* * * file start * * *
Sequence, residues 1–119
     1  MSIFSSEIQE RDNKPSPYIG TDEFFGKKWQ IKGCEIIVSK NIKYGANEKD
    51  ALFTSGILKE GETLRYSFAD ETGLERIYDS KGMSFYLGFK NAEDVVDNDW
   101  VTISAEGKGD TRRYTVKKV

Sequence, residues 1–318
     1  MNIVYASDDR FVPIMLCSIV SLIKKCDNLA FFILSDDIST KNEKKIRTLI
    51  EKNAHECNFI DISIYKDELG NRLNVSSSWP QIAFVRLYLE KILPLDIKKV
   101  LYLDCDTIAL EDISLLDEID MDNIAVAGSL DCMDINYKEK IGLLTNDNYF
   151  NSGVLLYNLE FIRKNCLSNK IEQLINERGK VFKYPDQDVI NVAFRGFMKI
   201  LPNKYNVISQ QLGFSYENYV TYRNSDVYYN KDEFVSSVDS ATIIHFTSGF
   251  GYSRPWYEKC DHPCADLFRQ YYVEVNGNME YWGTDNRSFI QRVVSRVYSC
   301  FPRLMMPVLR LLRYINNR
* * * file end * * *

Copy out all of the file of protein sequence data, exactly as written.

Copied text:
Sequence, residues 1–119
     1  MSIFSSEIQE RDNKPSPYIG TDEFFGKKWQ IKGCEIIVSK NIKYGANEKD
    51  ALFTSGILKE GETLRYSFAD ETGLERIYDS KGMSFYLGFK NAEDVVDNDW
   101  VTISAEGKGD TRRYTVKKV

Sequence, residues 1–318
     1  MNIVYASDDR FVPIMLCSIV SLIKKCDNLA FFILSDDIST KNEKKIRTLI
    51  EKNAHECNFI DISIYKDELG NRLNVSSSWP QIAFVRLYLE KILPLDIKKV
   101  LYLDCDTIAL EDISLLDEID MDNIAVAGSL DCMDINYKEK IGLLTNDNYF
   151  NSGVLLYNLE FIRKNCLSNK IEQLINERGK VFKYPDQDVI NVAFRGFMKI
   201  LPNKYNVISQ QLGFSYENYV TYRNSDVYYN KDEFVSSVDS ATIIHFTSGF
   251  GYSRPWYEKC DHPCADLFRQ YYVEVNGNME YWGTDNRSFI QRVVSRVYSC
   301  FPRLMMPVLR LLRYINNR